Author information




Z.R. and H.Y. conceived the project; Z.J., H.J., Z.R. and H.Y. designed the experiments; Z.J., X.D., Y. Duan, J.Y., T.Y., Xiaoce Liu and Xiuna Yang cloned, expressed, purified and crystallized proteins; Z.J., Y.Z., B.Z. and F.L. collected the diffraction data; B.Z. and Xiang Liu solved the crystal structure; Z.J., X.D., Y. Duan and J.Y. performed enzymatic activity and inhibition assays, high-throughput drug screening and IC50 measurement; L.W. and F.B. performed virtual screening and molecular docking; Y.X., L.Z. and H.L. performed enzymatic inhibition, cell-based antiviral and cytotoxicity assays for cinanserin; Y. Deng and X.L. performed qRT–PCR analysis and cytotoxicity assay of N3; M.L., R.J. and Xinglou Yang performed plaque-reduction assays; C.P. performed intact protein and MS/MS analyses; Z.J., X.D., Y.X., Y. Deng, C.P., F.B., H.L., Xiang Liu, K.Y., L.G., W.X., G.X., C.Q., Z.S., H.J., Z.R. and H.Y. analysed and discussed the data; Z.J., X.D., F.B., Xiang Liu, L.G., G.X., C.Q., Z.S., H.J., Z.R. and H.Y. wrote the manuscript.

Corresponding authors

Correspondence to Hualiang Jiang or Zihe Rao or Haitao Yang.

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The authors declare no competing interests.

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Peer review information Nature thanks Julien Lescar and the other, anonymous, reviewer(s) for their contribution to the peer review of this work.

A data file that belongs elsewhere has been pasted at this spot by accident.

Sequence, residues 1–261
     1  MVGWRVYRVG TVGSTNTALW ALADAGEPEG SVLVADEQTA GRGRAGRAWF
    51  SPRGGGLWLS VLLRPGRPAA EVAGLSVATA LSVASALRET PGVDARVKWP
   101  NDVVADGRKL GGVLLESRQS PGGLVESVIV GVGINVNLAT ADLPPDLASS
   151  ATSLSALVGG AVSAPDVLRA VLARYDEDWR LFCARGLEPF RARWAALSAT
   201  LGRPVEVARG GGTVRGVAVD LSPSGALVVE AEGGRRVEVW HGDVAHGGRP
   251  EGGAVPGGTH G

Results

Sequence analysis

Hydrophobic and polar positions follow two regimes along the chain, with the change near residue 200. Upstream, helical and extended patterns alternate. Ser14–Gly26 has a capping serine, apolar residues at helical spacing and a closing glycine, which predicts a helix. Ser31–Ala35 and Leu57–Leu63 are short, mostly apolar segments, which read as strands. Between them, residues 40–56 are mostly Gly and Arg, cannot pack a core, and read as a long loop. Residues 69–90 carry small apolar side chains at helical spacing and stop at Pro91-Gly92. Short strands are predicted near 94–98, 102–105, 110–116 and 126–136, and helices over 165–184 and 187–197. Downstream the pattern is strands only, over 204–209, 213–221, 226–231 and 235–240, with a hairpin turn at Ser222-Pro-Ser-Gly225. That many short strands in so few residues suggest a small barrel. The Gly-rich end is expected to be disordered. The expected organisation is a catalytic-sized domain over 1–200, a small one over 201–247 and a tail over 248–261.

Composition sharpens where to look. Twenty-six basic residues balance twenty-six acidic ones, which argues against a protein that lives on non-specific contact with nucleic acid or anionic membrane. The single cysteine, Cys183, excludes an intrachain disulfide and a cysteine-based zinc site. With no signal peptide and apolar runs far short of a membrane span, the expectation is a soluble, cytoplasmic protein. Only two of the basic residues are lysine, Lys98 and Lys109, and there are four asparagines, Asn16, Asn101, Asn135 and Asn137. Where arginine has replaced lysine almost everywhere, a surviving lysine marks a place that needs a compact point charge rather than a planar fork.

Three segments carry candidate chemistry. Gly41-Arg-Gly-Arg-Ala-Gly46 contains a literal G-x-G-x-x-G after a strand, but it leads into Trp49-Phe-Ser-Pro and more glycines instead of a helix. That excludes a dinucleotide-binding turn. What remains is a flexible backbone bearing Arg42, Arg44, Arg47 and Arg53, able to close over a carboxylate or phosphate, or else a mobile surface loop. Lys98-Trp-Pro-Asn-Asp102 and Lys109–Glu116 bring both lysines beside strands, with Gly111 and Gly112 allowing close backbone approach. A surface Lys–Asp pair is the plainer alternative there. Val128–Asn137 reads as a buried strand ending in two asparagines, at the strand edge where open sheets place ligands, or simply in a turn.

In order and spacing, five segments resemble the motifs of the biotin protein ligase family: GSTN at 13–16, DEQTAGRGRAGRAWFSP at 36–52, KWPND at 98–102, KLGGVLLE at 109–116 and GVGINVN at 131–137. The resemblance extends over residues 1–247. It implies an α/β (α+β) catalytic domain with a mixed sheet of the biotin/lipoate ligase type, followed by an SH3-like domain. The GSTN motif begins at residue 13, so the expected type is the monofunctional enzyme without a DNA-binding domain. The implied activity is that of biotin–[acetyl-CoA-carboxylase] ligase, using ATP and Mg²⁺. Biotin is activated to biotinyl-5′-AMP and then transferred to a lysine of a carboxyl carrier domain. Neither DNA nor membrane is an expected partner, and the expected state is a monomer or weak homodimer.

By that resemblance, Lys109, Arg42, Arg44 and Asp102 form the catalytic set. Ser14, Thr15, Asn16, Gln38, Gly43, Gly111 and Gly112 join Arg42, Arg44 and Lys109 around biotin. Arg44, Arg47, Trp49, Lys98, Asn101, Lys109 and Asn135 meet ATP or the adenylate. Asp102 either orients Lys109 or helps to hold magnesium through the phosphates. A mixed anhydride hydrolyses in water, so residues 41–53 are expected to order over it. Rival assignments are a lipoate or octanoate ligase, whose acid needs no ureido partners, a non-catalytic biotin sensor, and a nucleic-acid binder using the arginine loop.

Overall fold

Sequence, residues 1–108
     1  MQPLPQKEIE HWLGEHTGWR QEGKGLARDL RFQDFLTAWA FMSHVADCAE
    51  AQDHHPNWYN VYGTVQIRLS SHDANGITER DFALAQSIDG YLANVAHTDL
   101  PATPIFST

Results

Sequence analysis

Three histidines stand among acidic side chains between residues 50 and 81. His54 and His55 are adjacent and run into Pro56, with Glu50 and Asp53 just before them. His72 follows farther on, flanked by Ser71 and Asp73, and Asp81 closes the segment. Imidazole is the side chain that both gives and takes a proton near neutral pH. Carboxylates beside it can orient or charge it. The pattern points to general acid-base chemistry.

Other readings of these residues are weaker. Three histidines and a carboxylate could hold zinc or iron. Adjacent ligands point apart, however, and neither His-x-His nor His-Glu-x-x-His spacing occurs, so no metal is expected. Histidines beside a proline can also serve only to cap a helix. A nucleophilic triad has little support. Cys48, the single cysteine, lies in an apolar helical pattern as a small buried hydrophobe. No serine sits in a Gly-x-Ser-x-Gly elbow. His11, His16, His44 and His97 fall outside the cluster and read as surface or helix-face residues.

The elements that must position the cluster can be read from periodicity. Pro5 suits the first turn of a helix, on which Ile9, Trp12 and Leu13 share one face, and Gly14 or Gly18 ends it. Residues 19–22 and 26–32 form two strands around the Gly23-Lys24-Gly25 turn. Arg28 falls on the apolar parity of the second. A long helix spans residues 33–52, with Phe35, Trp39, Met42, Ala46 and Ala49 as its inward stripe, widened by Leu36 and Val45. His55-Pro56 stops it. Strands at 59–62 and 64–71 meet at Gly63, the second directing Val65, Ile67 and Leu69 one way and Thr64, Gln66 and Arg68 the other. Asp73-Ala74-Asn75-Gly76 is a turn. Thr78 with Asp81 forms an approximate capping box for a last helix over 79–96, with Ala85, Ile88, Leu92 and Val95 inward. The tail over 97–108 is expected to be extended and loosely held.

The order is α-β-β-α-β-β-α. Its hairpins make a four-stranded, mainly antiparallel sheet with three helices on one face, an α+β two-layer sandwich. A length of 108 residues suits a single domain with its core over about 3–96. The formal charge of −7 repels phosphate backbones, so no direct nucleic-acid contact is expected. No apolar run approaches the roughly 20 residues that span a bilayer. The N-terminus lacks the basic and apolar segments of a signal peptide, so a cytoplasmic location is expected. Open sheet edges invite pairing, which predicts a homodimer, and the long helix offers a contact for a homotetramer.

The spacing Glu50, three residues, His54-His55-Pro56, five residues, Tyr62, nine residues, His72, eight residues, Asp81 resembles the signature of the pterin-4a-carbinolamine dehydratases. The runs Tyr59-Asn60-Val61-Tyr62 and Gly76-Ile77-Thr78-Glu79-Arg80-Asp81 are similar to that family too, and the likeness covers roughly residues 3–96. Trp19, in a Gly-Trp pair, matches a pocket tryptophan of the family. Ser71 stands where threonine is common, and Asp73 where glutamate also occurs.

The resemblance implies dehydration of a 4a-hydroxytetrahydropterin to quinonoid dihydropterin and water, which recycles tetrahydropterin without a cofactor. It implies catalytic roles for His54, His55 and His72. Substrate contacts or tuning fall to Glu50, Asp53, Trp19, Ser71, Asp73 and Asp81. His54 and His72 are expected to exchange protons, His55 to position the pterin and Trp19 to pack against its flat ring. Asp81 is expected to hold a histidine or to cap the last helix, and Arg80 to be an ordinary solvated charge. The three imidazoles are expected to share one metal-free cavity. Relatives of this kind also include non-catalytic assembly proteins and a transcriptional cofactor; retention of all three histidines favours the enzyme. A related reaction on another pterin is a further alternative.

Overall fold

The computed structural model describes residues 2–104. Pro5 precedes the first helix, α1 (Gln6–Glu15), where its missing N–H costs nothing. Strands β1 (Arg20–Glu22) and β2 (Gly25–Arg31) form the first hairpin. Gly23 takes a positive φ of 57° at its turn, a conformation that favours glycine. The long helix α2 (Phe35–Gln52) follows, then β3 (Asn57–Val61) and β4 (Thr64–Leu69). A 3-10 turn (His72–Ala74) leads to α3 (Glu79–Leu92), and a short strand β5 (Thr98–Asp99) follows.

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Extended data figures and tables

Extended Data Fig. 1 The purification of SARS-CoV-2 Mpro and the inhibitory assay of the N3 compound.

a, SDS–PAGE gel of SARS-CoV-2 Mpro. First lane, marker; second lane, Mpro before treating with rhinovirus 3C protease; third lane, Mpro after the cleavage of C-terminal His tag. For gel source data, see Supplementary Fig. 1. b, Size-exclusion chromatography profile of Mpro. c, The chemical structure of the N3 inhibitor. d, Inhibition mechanism for N3. e, Typical inhibition curves for N3. f, Cytotoxicity assay of N3 on Vero cells. Data are shown as mean ± s.e.m., n = 3 biological replicates. The data in a, b, e, f are representative of three independent experiments with similar results. Source Data

Extended Data Fig. 2 The interactions between SARS-CoV-2 Mpro and N3.

a, The Fo − Fc omit map (contour level of 3σ, shown as blue mesh). b, Detailed view of the interactions between the inhibitor N3 and SARS-CoV-2 Mpro. Mpro residues are shown in blue (protomer A) and salmon (protomer B); N3 is in green; and water is in black. The hydrogen bonds are shown as black dashed lines. The covalent bond between N3 and the C145 of protomer A is in purple.

Extended Data Fig. 3 Comparison of the binding modes between SARS-CoV-2 Mpro–N3 and SARS-CoV Mpro–N1.

a, The chemical structure of the N1 inhibitor. b, The binding mode of SARS-CoV-2 Mpro (blue sticks) with N3 (green sticks). c, The binding mode of SARS-CoV Mpro (grey sticks) with N1 (pink sticks). The hydrogen bonds formed by water (W1) are indicated by the dashed lines.

Extended Data Fig. 4 Cinanserin is an inhibitor of SARS-CoV-2 Mpro.